Caroline Hurry finds mountain magic in Clarens and surrounds. Just ‘pas op’ for the potholes!
To explore the Eastern Free State stretching beneath the Maloti Mountains, we took the N3 out of Joburg, pootling around the Gilloolys noodle for Villiers, before turning onto the R26 towards Frankfort. I don’t do highways so, by way of a chauffeur, I had solicited the services of my sister.
However, even with an advanced driver’s licence under her belt, Mags was no match for the bone-jarring potholes – some big enough to swallow a tractor – that confronted us on the Reitz-Tweeling road. As she swerved like a Hollywood stunt driver in the pouring rain to a surround-sound of shrieks, gasps and under carriage rasps, we alternated between aquaplaning ‒ drenched by approaching trucks negotiating their own pond-sized crevices ‒ and driving over what felt like a rockery.
‘They’ve even got 60km pothole speed limits,’ exclaimed my brother, Simon, out from San Francisco, for this was a family jaunt. He aimed his camera at the sign as if taking pictures in the circumstances was even possible. Incidentally, we drove home via Warden, which added 70km to our trip but was so much easier on the nerves!
On the plus side, having to slow to a crawl gave us ample opportunity to drink in the bucolic beauty of the vast highland plains with cows and sheep safely grazing, yellow sunflowers in sway, golden fields of mealies, Swiss-rolled bales of hay. As we wound up the final 42km from Bethlehem to Clarens, the Free State’s highest town at 1850 metres, the sun stepped out from the clouds, bathing the landscape in a translucent glow.
We marvelled at the quality of the light and the lush scenery that just kept coming. Dramatic limestone crags? Check. Poplars framing farmhouses? Check. Dirt roads, duck crossings, crowing cocks? Checkity, check!
While the rest of the family stayed in the comfy, self-catering Berg Street Cottage that sleeps eight, I opted for solitude at the 24-roomed Mont d’Or, an Extraordinary property, in Sias Oosthuizen Lane. Tossed amid mountainous swells of the Rooiberge and Maloti, this boutique hotel felt like the love-child of a multi-roomed millionaire mansion and a cruise ship in a sea of blue-gums, willows and golf-course greens.
The French doors in my Executive Room opened onto a communal terrace where I slumped into a comfy wicker chair to soak up mountain views on both sides. On the narrow road in front, a white rabbit – one of a brace of hoppity bunnies – sat and caught my eye in a ‘follow me, Alice’ sort of way.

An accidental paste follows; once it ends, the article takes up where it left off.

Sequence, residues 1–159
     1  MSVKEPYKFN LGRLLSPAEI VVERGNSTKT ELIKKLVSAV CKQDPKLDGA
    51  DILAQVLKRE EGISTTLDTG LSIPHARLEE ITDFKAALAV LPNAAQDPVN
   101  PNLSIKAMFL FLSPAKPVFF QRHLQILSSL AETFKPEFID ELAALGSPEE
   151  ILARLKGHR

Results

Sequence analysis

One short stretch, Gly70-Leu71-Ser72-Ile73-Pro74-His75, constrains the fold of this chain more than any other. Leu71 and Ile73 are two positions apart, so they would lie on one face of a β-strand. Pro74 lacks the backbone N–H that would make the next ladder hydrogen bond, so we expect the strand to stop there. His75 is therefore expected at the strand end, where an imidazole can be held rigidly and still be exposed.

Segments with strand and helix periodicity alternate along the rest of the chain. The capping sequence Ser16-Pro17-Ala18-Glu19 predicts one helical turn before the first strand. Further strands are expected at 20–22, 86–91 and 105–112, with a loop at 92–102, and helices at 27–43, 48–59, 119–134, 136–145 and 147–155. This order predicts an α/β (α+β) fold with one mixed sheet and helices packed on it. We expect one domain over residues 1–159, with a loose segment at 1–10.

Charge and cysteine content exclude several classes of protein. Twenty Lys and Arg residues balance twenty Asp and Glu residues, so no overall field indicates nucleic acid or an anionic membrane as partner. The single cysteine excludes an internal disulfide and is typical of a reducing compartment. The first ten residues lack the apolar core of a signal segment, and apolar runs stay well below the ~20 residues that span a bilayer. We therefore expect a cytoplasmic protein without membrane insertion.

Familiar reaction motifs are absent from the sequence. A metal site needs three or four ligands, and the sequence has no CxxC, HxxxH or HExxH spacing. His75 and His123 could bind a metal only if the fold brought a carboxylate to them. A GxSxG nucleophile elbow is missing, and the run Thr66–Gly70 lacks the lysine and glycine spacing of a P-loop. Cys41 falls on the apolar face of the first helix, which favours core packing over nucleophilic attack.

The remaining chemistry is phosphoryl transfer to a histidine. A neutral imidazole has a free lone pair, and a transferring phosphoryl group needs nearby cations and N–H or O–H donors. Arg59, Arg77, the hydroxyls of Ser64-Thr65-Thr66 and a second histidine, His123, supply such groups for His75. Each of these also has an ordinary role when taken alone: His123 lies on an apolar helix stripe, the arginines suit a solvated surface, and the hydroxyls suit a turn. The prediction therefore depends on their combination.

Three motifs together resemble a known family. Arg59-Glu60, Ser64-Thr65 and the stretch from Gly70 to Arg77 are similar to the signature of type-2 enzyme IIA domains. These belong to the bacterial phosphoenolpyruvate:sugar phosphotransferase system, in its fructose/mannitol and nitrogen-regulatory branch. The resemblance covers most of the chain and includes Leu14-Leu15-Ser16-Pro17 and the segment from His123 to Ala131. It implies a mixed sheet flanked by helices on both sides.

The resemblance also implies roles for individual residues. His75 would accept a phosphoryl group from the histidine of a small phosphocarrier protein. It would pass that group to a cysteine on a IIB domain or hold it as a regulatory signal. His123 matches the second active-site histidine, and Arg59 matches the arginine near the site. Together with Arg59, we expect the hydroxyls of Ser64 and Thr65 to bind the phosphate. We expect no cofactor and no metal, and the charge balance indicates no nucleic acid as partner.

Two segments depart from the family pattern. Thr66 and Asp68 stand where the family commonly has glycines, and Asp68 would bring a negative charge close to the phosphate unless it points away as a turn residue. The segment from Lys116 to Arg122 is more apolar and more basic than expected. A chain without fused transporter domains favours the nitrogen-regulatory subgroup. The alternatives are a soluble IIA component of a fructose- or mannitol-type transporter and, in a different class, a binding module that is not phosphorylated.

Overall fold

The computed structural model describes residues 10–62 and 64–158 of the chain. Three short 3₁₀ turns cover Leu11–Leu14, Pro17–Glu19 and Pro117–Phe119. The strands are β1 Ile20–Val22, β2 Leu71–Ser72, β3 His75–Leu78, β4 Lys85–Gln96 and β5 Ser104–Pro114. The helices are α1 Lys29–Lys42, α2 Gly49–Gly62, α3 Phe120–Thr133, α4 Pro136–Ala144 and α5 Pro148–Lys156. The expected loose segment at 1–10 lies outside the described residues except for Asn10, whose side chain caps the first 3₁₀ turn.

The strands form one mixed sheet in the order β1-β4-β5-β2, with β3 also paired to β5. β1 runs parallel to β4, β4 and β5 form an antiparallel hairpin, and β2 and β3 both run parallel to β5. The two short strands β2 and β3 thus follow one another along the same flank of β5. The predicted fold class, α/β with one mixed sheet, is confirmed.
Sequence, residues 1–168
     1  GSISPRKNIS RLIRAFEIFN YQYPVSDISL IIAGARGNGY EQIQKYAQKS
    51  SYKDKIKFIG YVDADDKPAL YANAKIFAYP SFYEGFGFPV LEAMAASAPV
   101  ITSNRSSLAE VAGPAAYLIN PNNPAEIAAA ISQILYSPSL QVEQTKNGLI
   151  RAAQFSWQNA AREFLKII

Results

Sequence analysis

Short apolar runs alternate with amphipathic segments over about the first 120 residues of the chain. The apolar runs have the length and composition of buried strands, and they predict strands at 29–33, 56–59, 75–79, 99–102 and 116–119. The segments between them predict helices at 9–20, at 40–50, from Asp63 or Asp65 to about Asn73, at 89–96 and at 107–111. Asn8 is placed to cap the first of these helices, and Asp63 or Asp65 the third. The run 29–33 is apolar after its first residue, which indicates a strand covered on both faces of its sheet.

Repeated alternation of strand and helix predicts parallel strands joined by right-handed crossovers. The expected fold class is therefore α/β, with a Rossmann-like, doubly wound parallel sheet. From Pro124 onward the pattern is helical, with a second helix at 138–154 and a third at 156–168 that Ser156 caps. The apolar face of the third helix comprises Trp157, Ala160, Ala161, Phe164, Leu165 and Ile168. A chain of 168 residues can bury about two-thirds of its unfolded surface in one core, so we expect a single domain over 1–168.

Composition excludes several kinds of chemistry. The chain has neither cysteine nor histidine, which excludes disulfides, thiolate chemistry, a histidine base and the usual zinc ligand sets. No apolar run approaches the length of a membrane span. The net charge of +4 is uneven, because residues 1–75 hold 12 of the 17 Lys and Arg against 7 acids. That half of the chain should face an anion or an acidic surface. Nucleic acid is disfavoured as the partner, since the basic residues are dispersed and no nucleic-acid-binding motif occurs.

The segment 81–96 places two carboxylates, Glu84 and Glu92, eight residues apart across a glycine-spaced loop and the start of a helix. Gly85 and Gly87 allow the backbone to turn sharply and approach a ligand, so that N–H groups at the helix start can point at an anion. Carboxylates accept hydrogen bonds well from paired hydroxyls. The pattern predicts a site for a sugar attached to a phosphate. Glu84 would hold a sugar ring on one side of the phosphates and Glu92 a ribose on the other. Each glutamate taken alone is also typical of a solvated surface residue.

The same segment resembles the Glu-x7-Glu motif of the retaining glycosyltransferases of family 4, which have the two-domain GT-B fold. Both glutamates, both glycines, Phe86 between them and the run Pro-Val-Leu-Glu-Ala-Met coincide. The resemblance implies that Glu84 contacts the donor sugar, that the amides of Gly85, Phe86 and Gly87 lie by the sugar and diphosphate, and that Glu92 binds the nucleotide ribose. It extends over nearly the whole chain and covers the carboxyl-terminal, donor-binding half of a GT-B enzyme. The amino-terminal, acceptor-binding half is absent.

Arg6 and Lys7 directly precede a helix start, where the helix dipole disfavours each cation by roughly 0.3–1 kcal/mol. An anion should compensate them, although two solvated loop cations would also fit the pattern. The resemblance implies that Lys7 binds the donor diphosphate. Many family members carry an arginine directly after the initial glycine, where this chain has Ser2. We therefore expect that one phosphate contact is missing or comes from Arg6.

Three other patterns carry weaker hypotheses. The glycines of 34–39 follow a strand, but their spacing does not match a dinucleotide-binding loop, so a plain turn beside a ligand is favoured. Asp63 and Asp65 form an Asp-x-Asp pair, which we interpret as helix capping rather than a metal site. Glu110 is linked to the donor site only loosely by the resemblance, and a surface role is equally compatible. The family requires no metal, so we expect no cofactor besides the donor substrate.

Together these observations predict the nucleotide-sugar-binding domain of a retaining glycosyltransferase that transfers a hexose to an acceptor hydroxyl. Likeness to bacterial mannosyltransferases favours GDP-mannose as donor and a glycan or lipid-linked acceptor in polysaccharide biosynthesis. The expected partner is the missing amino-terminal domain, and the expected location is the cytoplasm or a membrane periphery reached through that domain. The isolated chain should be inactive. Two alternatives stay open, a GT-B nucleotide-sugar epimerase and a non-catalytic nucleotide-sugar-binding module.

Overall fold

If the charm of the town with its cutesy white-washed cottages, gabled facades, galleries, craft shops, and arty individuality was any indication, a squirrel carrying a kerchief-covered basket would soon swing by.
The best thing about Clarens is the total absence of Big Retail – no clothing chains or supermarkets peddling poisoned polonies – just farm produce outlets, quaint eateries, artisanal bakeries, unique boutiques, and galleries selling art and wine. Certain family members stocked up liberally.
The Clarens Brewery is worth a stop for berry ciders, craft ales and festive beerhall vibe that encourages the comparison of blisters between mountain walkers. With white-water rafting, quad biking, zip lining, abseiling, paintballing, archery, golf, a climbing wall, mountain biking, and enduro trails on offer, adrenaline junkies are spoilt for choice. Adventure centres will even whisk visitors over the border to Lesotho for some skiing, winter weather permitting.
While my sister and nieces embarked on a strenuous hike and spoke of grandiose views, my idea of an adventure was a Mediterranean foot treatment at the Mont d’Or spa; the better end of the bargain, I thought.
That afternoon we drove 17km to the 11 600-hectare Golden Gate National Park that offered a beguiling landscape of sandstone cliffs streaked with ochre hues, wild flowers, open skies of deep blues, and a Vulture Hide. Being mid-week, we practically had the place to ourselves.
Back in the tree-lined dirt roads of Clarens where a church bell tolled in the distance and the afternoon sun filtered through autumn foliage, I felt a transcendent moment of déjà vu. This felt like the rose-tinted village of my childhood with its white picket fences, tended gardens, and couples picnicking under trees on the town’s iconic grassy square; a moment I wished I could freeze-frame and put in a locket.